Nimrod International Journal’s Literary Awards for Fiction and Poetry
It's time to enter the 39th annual Nimrod Literary Awards: The Pablo Neruda Prize for Poetry and The Katherine Anne Porter Prize for Fiction. The Awards offer first prizes of $2,000 and publication, and second prizes of $1,000 and publication. Winners will also be brought to Tulsa for the Awards Ceremony and Conference for Readers and Writers in October.
Established in 1956, Nimrod is dedicated to the discovery of new voices in literature, and the Nimrod Literary Awards are a special way to recognize talented new poets and fiction writers.
- Poetry: 3-10 pages of poetry (one long poem or several short poems)
- Fiction: 7,500 words maximum (one short story or a self-contained excerpt from a novel)
- Fee Per Entry: $20 payable to Nimrod, includes a one-year subscription (two issues)
No previously published works or works accepted for publication elsewhere. Author's name must not appear on the manuscript. Include a cover sheet containing major title(s), author's name, full address, phone, and email. Entries may be mailed to Nimrod or submitted online at https://nimrodjournal.submittable.com/submit. All finalists will be considered for publication.
For complete rules, visit Nimrod's website: www.utulsa.edu/nimrod
We are proud to present "Grandmother Ruth—Last Day of School", published in our Awards 38 issue.
Grandmother Ruth—Last Day of School
by Markham Johnson
It's still an hour before first bell on the final day of school,
and the ceiling fan is stirring a little breeze
so papers on Mr. O'Malley's desk rise and walk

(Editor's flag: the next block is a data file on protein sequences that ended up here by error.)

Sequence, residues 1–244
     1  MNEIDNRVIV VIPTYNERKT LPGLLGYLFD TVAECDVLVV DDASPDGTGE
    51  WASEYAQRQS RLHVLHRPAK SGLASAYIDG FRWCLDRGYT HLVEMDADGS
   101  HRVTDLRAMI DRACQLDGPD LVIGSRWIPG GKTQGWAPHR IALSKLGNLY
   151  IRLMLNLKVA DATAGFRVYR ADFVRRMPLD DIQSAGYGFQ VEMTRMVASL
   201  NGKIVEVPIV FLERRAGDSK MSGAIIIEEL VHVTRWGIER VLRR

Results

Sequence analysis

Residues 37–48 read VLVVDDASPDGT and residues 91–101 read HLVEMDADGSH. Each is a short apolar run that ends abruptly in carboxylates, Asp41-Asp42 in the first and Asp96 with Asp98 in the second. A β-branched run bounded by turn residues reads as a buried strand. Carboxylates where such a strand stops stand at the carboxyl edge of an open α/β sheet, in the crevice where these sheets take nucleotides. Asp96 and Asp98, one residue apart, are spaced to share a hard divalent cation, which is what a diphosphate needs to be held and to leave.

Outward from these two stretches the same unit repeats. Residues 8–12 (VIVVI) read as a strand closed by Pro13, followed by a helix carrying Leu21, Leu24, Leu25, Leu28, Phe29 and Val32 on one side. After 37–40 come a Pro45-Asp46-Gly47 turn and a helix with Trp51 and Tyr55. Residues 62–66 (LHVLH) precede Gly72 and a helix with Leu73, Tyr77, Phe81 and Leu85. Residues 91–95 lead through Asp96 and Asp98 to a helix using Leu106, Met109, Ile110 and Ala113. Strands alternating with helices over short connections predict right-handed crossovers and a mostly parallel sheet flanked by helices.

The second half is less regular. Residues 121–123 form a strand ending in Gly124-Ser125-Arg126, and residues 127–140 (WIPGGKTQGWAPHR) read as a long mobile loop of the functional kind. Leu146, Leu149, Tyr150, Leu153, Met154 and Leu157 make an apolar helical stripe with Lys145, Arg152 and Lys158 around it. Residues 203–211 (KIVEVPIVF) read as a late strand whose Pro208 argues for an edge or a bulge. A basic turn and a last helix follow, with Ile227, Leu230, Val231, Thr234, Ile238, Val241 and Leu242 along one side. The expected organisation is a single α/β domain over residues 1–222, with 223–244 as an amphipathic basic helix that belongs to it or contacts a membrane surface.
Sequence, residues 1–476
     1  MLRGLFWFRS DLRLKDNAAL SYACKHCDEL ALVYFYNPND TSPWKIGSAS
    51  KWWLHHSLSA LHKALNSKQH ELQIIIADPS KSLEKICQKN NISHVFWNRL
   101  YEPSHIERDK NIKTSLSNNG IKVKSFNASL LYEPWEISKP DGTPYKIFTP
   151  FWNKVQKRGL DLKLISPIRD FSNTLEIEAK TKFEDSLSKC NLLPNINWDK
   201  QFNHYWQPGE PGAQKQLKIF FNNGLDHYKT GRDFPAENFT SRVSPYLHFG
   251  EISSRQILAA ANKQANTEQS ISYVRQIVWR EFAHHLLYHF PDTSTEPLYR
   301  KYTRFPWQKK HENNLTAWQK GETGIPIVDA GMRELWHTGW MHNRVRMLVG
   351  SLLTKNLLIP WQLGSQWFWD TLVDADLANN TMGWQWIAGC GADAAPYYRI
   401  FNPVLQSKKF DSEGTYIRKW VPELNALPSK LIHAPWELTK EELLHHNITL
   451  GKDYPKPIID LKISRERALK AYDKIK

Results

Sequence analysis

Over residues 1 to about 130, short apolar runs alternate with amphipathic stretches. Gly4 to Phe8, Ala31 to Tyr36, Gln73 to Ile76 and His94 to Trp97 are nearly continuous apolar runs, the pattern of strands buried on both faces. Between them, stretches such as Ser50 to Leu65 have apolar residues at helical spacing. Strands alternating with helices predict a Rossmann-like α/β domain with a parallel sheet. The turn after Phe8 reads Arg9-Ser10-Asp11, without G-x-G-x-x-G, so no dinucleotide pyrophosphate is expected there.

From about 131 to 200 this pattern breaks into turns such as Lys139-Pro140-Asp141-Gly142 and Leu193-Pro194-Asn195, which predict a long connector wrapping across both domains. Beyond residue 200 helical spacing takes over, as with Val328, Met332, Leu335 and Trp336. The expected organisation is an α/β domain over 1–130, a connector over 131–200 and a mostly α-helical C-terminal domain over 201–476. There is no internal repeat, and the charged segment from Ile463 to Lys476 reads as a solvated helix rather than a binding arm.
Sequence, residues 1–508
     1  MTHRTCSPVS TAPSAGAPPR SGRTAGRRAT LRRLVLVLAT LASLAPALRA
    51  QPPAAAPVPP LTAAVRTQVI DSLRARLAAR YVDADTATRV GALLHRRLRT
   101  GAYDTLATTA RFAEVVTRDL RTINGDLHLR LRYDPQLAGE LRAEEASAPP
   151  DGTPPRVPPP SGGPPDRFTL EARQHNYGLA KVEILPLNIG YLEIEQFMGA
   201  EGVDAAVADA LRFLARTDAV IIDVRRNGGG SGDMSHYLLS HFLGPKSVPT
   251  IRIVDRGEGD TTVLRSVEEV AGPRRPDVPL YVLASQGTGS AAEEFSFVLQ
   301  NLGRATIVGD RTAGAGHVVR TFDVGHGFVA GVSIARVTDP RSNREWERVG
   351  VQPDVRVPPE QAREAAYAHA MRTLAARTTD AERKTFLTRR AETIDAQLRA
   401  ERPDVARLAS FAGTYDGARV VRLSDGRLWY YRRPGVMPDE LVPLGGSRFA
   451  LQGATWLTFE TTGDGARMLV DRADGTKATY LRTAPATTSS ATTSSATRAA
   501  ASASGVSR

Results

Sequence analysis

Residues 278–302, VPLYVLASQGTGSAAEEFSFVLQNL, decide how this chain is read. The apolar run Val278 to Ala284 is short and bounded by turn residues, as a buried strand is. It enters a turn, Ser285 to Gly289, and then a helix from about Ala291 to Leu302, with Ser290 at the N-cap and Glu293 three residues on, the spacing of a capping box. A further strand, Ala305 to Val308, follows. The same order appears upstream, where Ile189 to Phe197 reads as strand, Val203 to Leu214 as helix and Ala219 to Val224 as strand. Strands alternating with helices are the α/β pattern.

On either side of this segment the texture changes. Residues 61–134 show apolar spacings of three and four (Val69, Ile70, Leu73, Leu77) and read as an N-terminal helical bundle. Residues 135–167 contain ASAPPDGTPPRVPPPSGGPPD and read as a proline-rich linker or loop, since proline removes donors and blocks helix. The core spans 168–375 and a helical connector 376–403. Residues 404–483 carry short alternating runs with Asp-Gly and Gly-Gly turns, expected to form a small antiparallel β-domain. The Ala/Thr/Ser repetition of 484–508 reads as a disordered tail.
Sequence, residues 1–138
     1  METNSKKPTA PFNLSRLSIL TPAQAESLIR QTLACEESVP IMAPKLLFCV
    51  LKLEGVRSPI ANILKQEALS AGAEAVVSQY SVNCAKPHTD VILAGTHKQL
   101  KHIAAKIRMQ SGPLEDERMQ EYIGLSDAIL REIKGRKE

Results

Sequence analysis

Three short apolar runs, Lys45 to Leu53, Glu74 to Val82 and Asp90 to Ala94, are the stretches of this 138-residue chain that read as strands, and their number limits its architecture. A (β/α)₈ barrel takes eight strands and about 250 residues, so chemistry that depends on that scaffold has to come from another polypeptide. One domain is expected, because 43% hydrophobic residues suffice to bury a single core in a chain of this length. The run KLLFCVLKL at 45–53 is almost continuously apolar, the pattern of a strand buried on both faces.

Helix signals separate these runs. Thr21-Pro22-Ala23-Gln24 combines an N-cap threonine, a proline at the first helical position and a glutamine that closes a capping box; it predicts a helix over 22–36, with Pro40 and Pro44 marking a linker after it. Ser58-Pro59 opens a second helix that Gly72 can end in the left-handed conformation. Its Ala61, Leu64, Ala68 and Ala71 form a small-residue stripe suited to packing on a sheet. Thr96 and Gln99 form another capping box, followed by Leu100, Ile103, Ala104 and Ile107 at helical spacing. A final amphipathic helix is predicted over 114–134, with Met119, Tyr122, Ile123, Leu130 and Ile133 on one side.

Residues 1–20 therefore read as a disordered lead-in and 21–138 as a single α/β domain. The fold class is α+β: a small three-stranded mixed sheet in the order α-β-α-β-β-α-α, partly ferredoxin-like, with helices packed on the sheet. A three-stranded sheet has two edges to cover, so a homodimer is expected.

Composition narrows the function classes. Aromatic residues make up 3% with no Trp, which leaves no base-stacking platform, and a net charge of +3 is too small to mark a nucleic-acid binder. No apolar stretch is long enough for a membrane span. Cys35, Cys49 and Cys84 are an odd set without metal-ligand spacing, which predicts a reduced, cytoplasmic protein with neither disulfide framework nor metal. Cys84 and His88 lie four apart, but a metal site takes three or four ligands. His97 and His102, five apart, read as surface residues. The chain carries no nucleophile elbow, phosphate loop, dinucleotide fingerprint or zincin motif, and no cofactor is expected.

down the aisle, as if they, too, had someplace better to be.
I'm daydreaming of dancing with Jimmy Dolan when I hear something
rolling down Cincinnati Avenue—the tearing sound of old metal
wheels and an axle that needs grease, and even in 1921,
when the trolley carries me home each evening along downtown streets
paved for fleets of Ford Roadsters, the sound of horses' hooves
is not unfamiliar, though part of a world we've all outgrown.
Now, I can just make them out, Percherons, pounding steel shoes
into asphalt that by midday will be slicked with tar, and pulling
an old buckboard wagon bearing too much weight on its springs.
So I'm wondering what's in back? What's stacked under the heavy tarpaulin?
Maybe cordwood for the big boiler in the school basement.
On the first of June, there's still a chill in the air
when the sun is still waiting, and I've got the school to myself,
and because I'm surrounded by old poets stuck to the walls,
I glance back at Wordsworth and Shelley peering over my shoulder,
and Byron who'd dance the Texas Tommy all night long.
And now the wagon's almost underneath the window,
and a little light is just creeping over the Edison Auto Hotel,
when I notice something sticking out from under the canvas—
feet, shoeless, lots of feet, some turned up and others down.
Manikins for the windows at Vandevers? But these are black.
And oh lord, now I smell smoke and wonder if the school is burning,
and from this second-floor window, I can see a dark cloud rising
from the far side of the railroad tracks—Little Africa,
in the first fingers of gathering light. And later in class, I smell ash
and kerosene on Mr. O'Malley's hands as he smooths the semester final
on my desk. Now, all the students are turning to stare out the window
as sunlight reveals the death of the Dreamland Ballroom
and a thousand homes rendered in flame. And I remember the feet
in the wagon passing Central High and turning at McNulty Field,
where Babe Ruth clubbed a baseball so far over the right field wall
it rolled an extra hundred yards to settle by a gravestone
in Oaklawn Cemetery. And now I know where that wagon was bound,
and by tomorrow no one's ever going to speak of Greenwood again.